The Topgrading Interview is the key interview within the “Select” step of the ghSMART A Method for Hiring. It goes a long way toward giving you confidence in your selection because it uncovers the patterns of somebody s career history, which you can match to your scorecard. 909
What Brad Smart discovered was the power of using data and patterns of behavior for making predictions about how somebody is likely to perform in the future. 921
Everybody has strengths and weaknesses. If you want to enhance your predictive capabilities, you have to really understand their story and their patterns.” So what is the Topgrading Interview? It’s a chronological walk-through of a person's career. You begin by asking about the highs and lows of a person's educational experience to gain insight into his or her background. Then you ask five simple questions, for each job in the past fifteen years, beginning with the earliest and working your way forward to the present day. These five questions are so straightforward that the discussion they generate seems more like a conversation than an interview. 928
People being interviewed enjoy it because they feel like they are just telling their story. 934
This first question is a clear window into candidates goals and targets for a specific job. In a way, you are trying to discover what their scorecard might have been if they had had one. 936
Question number two generates wonderful discussions about the peaks of a person's career. This is where you will hear the stories behind the polished statements on a resume. 940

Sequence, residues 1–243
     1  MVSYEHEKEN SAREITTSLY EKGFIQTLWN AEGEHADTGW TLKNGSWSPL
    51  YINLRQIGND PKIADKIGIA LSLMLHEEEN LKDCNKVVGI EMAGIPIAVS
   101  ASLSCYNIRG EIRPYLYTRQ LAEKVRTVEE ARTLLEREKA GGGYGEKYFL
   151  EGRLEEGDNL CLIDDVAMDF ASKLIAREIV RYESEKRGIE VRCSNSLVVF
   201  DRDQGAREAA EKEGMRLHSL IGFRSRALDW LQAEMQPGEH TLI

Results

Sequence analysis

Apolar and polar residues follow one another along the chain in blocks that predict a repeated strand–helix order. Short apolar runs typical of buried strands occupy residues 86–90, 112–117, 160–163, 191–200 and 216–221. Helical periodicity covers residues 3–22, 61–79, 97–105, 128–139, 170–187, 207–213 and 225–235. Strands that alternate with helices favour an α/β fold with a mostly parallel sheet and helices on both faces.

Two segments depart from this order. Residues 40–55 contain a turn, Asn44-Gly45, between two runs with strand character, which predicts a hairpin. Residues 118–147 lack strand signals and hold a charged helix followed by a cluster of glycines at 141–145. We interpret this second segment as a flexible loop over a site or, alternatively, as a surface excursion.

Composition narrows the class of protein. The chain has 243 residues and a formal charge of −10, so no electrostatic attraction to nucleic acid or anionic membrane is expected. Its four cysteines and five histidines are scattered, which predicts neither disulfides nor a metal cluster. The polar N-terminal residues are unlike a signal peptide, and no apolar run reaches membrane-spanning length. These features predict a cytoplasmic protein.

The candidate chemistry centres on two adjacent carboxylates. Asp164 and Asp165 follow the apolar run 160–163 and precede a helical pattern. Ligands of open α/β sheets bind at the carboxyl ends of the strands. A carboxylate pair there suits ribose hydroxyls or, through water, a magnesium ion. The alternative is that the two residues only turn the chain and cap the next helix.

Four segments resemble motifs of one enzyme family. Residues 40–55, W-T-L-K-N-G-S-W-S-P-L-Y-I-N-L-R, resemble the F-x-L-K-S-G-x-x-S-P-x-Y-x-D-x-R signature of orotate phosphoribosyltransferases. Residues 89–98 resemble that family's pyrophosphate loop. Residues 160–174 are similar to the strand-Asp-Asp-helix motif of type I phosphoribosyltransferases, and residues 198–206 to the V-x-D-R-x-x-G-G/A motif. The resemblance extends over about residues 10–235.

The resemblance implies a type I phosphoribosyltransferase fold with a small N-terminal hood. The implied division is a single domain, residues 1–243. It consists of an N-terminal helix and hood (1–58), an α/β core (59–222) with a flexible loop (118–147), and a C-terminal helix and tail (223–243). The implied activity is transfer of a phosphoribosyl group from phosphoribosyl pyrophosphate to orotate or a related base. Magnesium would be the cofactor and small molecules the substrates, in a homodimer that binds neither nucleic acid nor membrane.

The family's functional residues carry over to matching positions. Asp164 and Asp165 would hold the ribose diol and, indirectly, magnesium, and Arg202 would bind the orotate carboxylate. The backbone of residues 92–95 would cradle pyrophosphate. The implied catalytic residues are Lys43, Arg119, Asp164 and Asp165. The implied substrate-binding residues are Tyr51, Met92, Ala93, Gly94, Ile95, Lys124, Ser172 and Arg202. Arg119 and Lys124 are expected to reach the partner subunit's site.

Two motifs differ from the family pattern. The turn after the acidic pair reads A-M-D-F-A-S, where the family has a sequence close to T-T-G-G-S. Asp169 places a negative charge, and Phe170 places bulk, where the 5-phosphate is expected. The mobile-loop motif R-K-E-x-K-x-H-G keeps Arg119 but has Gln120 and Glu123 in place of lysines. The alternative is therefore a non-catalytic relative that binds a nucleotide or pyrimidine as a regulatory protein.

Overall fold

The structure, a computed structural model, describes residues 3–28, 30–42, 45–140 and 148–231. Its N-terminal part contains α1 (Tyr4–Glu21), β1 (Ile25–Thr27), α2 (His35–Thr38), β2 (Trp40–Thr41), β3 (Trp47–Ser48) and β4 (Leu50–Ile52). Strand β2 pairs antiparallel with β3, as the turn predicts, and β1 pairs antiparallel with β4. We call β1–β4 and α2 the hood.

Ideally, candidates will tell you about accomplishments that match the job outcomes they just described to you. Even better, those accomplishments will match the scorecard for the position you are trying to fill. On the flip side, we are always wary when a candidate s accomplishments seem to lack any correlation to the expectations of the job. Be sure to listen for that clue. A Players tend to talk about outcomes linked to expectations. 944
Our recommendation is to reframe the question over and over until the candidate gets the message.
What went really wrong?
What was your biggest mistake?
What would you have done differently?
What part of the job did you not like?
In what ways were your peers stronger than you?
Question four builds on the fourth question of the screening interview. We call the first part TORC, or threat of reference check. 954
Forcing candidates to spell the name out no matter how common it might be sends a powerful message: you are going to call, so they should tell the truth. 959